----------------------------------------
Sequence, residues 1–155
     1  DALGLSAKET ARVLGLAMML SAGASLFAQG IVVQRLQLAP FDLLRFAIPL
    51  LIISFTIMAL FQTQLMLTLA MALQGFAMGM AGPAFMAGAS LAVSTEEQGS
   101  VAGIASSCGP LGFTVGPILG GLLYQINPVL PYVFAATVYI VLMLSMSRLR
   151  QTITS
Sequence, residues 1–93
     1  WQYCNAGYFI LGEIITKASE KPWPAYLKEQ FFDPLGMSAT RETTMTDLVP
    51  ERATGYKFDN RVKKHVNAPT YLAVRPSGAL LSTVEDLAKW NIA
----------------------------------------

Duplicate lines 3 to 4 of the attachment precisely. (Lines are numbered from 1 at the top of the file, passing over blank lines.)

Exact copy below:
    51  LIISFTIMAL FQTQLMLTLA MALQGFAMGM AGPAFMAGAS LAVSTEEQGS
   101  VAGIASSCGP LGFTVGPILG GLLYQINPVL PYVFAATVYI VLMLSMSRLR